The most critical joint of the DTC

glueup-6

The most critical joint of the Dutch Tool Chest may surprise you.  It’s not the dovetails on the bottom corners.  It’s the shelf and the dado on the sides.  That shelf controls the squareness of the chest.  Why?  The width of the case is set by the length bottom board which is joined to the sides by dovetails.  Make the bottom length whatever you want, because as long as the shelf matches the bottom, the case will be square.  Use you imagination and you should see that small changes in the shelf length make larger changes in the case width at the top (aka squareness).  See it?  I suggest you take the advice given in the article and trial fit the shelf before glue-up.  The process of fitting the shelf wasn’t discussed much in the article so I thought a post was in order.

DTC Shelf Installation

dado-1  dado-2

Join the bottom of the case to the sides with dovetails.  I covered that process already.  Next clamp your shelf on top of the bottom board on your bench making sure to position them as they will be in the final product (match up/down and left/right).  Next we are about to get “precise”.

dado-3  dado-4

In the picture on the left I hope you see the line that marks the depth of the dovetail joint on the bottom board.  This line marks the inside of the case.  Transfer that layout line to the self board with a square and marking knife.  If you have no marking knife, here is a suggestion for a cheap alternative.

dado-5

With the dovetail depth line transferred, decide the appropriate depth of the shelf dado.  Mine is about 1/4inch.  Mark that line toward the outside of the dovetail depth line, then wrap that line around the shelf board.

dado-6

Cut the shelf to length using the new lines (one on each end).  I cut the board leaving the line then planed the end grain just to the line.  No need for an XL shooting board for this, a Moxon vise works great.  If your feeling brave feel free to save the fuss and just saw to the line.  Careful – this length is critical.

dado-7 dado-8

Shelf board (left pic) and Case Side (right pic)

Now that the shelf is cut to length, use the marking gauge to transfer the depth of the dado from the shelf board to the side board.  FYI – I like a wheel gauge better than any other kind I have tried.

dado-9

With the dado depth marked, finish marking and making your dados as I described in the Simple Shelf project.  Pre-assemble the case to ensure it is square.  If the case is not square, plane the shelf as needed.  Of course, that will only work if your shelf is too long.  If your shelf is too short, make a new shelf and know you learned a lesson.  It is easier to remove wood than to put it back.

Bob Jones

Advertisements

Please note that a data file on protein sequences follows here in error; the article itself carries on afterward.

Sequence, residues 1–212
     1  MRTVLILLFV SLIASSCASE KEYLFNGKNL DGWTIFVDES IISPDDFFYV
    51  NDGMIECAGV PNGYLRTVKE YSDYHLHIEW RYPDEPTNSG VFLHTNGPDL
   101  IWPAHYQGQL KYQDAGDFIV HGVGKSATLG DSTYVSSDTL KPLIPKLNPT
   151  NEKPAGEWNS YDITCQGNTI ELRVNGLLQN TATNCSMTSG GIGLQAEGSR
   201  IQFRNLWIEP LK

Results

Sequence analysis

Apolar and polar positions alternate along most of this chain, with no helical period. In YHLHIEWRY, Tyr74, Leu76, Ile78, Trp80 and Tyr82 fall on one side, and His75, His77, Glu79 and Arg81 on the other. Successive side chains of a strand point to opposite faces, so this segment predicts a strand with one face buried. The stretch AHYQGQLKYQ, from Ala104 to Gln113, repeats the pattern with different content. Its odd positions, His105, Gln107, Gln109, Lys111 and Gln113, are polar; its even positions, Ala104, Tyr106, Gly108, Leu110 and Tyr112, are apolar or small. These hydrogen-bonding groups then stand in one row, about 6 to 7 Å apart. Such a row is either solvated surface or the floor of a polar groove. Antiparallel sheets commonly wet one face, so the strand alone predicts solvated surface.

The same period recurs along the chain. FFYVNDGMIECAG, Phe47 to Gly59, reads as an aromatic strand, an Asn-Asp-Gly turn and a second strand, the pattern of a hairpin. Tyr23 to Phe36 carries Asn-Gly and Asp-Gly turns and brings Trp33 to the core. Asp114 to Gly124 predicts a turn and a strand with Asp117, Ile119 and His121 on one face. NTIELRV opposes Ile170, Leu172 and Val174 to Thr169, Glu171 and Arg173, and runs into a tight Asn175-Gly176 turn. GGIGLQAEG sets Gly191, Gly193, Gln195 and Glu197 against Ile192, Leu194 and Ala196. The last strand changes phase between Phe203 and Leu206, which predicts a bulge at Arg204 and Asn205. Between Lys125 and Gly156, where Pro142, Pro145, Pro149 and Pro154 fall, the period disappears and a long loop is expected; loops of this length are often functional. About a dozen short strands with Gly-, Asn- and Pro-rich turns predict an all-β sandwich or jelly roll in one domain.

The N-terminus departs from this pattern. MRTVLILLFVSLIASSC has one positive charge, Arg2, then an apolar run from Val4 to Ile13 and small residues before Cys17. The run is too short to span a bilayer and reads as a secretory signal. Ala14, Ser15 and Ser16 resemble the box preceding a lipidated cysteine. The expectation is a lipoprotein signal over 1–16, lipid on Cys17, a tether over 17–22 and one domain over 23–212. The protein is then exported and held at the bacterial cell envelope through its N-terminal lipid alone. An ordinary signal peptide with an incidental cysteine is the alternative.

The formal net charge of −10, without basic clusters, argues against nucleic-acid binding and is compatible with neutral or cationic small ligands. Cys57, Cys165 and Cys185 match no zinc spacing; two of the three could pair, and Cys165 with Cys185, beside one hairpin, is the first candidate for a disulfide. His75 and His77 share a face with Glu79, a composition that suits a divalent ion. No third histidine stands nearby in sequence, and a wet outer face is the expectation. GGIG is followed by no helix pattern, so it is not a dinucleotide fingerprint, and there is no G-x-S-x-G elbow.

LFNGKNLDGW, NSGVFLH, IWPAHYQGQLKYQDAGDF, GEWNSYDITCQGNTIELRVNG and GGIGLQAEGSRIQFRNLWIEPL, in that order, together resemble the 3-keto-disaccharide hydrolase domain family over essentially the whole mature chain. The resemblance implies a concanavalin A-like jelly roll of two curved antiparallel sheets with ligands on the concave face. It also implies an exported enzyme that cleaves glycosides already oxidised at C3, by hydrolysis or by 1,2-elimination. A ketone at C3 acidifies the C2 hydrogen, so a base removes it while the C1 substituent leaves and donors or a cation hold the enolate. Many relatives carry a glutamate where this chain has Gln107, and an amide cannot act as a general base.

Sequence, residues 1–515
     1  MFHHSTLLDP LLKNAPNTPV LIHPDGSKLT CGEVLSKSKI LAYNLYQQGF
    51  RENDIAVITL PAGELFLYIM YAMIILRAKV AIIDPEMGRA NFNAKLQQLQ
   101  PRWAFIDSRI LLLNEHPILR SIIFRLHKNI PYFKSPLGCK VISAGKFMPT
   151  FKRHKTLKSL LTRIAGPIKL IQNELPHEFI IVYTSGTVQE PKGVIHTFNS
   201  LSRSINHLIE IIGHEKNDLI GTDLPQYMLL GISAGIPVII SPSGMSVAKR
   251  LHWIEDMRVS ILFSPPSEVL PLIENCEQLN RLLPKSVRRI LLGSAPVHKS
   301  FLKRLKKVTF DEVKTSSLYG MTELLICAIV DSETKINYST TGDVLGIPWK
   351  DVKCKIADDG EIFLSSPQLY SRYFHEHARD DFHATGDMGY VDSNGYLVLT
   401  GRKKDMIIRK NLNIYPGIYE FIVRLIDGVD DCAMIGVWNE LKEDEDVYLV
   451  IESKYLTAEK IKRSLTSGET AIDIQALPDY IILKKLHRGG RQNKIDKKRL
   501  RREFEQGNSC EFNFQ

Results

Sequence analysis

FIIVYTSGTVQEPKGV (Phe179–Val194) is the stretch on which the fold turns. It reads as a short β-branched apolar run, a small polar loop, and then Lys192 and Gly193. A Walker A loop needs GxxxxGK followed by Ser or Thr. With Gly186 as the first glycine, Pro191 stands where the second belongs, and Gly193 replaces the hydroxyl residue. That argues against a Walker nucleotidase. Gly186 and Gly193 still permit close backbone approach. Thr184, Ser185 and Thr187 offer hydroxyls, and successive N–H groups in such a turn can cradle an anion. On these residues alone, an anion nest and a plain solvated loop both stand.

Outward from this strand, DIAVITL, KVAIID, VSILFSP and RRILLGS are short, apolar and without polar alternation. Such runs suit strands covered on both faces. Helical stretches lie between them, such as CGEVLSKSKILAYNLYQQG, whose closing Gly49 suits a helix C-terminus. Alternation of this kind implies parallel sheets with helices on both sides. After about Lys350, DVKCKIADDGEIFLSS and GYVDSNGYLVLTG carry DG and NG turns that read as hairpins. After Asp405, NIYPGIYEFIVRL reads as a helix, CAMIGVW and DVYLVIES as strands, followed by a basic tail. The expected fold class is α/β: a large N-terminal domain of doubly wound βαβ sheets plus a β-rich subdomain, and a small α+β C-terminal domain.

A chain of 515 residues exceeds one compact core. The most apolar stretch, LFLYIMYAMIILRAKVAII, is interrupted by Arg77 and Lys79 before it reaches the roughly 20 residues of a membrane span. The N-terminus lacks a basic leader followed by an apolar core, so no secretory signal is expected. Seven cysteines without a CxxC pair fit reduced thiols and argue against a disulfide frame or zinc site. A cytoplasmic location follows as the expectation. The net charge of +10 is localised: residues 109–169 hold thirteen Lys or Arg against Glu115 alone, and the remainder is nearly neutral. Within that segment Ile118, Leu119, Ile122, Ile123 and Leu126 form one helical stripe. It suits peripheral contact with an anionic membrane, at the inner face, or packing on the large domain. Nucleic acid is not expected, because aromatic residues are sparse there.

3 thoughts on “The most critical joint of the DTC

  1. rwyoung

    I did the center shelf a bit differently. Since I recently rehab’d a 1/2″ dado plane, I made the dado’s with that — an excuse to play with a new toy. To make sure they line up, the marks for the planing batten were made with both boards aligned using the dovetail base lines. This throws any vertical error to the top which has not yet be bevel cut. After creating the dados, I dry fit and clamped the case square to rough measure for the width of the shelf. Dry-fit and marking on a story stick minimizes error introduced in the depth of the dado. Clamping the case square was done by two cabinet clamps at the bottom and a 3rd set as a spreader above the dado. A couple of small F-clamps held the spreader in place while adjusting.

    Then it was cut, shoot and rabbet to fit. Two test fits with a little trimming and it was fine. The shouldered 1/2″ dado/rabbet should be more than strong enough in the long run.

    FYI, to mark and cut for the bevel, I clamped the boards together so that both the dovetail baseline and the bottom of the dado align. Then mark, saw and plane square. Easy-peasy

    Reply
  2. billlattpa

    I agree 100%. The dado joint is the most important in the chest. It’s often overlooked in casework, but nice fitting dadoes are much more important than tight fitting dovetails much of the time. Nice post.
    Bill

    Reply

Leave a Reply

Fill in your details below or click an icon to log in:

WordPress.com Logo

You are commenting using your WordPress.com account. Log Out / Change )

Twitter picture

You are commenting using your Twitter account. Log Out / Change )

Facebook photo

You are commenting using your Facebook account. Log Out / Change )

Google+ photo

You are commenting using your Google+ account. Log Out / Change )

Connecting to %s